Accepted Paper:

Rituals in Greek caves through history: from modern case studies to ancient sources  
Evy Johanne Håland (Norwegian Council of Arts)

Paper short abstract:

By comparing the modern religious rituals in the Acropolis Cave with the ancient cult of the spring in the actual cave, and exploiting the cult of springs in other Greek and non-Greek caves, the paper will illustrate how people makes places by using old ritual spaces in new ideological contexts.

Paper long abstract:

In Greece, springs in caves have traditionally shaped, and further featured prominently in religious beliefs and practices. In ancient times springs represented Water-Nymphs. Today springs are dedicated to the Panagia (the Virgin Mary), under her attribute of the Life-giving Spring. Both ancient and modern believers have expressed their beliefs in rituals connected to purity and water by fetching Holy water from the caves dedicated to these female divinities. The water found in these caves is thought to be particularly healing and purifying during the festivals dedicated to the goddesses, this is reflected today in the modern festival dedicated to the "Life-giving Spring", which is celebrated on the first Friday after the Resurrection of Christ on Easter Sunday. On this festival Athenians come to Panagia's chapel inside a circular Spring House hewn in the rock on the Southern slope of the Acropolis to fetch Life-giving water. The Sacred Spring is situated inside a cave over which is constructed a church. The cult dedicated to the personified sacred and healing spring-water found in caves, have also been important for political purposes both in ancient and modern Greece, illustrating how people makes places by using old ritual spaces in new ideological contexts.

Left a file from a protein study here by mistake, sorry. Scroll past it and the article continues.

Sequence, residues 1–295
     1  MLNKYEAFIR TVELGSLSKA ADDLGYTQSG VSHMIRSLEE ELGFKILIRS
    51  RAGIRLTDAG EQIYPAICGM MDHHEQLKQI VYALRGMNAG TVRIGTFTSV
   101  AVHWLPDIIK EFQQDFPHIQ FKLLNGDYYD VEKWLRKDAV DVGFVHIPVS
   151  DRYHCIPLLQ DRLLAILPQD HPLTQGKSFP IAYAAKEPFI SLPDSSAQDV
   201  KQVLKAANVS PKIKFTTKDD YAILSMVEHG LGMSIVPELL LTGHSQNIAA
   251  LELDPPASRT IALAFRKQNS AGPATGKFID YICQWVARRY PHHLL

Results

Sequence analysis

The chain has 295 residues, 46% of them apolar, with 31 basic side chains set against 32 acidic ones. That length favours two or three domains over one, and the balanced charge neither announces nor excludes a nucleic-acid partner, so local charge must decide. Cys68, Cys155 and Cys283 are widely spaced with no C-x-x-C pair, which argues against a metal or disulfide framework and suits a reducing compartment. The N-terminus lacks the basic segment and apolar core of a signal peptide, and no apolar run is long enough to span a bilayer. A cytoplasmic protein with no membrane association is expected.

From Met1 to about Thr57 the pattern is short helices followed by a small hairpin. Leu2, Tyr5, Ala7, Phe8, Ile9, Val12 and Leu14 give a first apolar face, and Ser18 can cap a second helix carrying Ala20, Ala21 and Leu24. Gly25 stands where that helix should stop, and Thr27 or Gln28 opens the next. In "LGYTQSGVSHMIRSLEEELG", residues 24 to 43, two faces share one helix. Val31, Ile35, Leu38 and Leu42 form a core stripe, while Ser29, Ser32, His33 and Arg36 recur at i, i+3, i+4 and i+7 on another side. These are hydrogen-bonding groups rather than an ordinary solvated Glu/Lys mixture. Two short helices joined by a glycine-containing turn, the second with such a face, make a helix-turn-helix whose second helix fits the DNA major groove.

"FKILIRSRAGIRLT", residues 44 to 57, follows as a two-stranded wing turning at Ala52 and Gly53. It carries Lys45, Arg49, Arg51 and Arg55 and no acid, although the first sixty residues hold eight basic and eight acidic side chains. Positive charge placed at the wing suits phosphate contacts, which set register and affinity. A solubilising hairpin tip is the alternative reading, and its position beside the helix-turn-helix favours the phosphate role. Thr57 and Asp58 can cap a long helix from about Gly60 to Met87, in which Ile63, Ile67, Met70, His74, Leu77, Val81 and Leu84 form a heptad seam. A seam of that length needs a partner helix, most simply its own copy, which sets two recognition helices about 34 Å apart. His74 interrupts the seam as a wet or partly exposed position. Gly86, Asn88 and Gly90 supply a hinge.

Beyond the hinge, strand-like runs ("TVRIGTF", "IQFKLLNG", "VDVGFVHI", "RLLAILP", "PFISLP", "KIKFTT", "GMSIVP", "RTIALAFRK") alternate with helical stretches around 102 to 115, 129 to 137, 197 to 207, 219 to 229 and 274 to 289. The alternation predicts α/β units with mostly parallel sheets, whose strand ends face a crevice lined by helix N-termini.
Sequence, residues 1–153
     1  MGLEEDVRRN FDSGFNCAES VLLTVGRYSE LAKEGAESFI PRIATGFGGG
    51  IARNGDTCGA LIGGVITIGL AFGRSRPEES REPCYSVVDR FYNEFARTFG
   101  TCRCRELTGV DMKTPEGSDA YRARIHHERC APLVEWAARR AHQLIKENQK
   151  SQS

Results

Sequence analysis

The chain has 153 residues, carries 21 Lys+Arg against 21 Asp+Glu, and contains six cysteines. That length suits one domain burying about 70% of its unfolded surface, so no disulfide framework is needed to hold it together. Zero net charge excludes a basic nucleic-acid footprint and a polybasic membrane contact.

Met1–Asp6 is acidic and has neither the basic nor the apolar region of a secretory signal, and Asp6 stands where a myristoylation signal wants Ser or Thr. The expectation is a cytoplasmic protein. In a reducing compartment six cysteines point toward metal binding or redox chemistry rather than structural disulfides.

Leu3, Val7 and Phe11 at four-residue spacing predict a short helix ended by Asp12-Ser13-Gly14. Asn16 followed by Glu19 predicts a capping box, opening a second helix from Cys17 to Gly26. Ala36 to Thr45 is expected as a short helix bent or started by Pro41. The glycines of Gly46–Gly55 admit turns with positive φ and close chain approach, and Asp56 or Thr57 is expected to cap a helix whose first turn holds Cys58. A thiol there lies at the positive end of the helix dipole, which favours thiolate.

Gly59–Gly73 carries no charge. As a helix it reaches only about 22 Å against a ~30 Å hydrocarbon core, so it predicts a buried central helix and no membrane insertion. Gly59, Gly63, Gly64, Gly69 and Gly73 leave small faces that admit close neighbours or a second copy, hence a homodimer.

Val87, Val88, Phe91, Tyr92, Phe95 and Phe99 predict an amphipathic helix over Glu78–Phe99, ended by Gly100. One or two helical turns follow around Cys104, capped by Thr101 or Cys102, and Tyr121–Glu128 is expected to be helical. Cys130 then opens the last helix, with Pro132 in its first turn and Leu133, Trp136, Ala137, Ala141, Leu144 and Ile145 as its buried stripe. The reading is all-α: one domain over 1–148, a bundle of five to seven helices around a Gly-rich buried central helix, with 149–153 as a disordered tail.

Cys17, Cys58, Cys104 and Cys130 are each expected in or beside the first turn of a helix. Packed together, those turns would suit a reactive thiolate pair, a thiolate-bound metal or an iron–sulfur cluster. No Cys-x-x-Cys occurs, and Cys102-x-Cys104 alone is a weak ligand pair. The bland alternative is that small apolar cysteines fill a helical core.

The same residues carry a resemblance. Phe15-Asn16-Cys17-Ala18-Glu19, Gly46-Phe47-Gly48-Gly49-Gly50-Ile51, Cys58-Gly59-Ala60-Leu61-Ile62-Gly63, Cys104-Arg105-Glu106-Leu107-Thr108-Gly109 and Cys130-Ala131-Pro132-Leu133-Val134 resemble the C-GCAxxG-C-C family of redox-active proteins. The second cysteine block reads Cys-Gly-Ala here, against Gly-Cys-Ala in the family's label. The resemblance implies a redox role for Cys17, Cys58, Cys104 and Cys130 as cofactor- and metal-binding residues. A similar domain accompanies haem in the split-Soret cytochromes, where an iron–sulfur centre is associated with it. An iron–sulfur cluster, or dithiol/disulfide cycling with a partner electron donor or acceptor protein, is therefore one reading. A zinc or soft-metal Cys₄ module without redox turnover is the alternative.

The paper will compare the importance of the spring in the modern religious rituals in the Acropolis Cave with the ancient cult of the spring in the actual cave. The comparison will also exploit the cult of springs in other Greek caves and similar cult found in parallel non-Greek contexts.

Panel P230
Ritual places through the ritual year II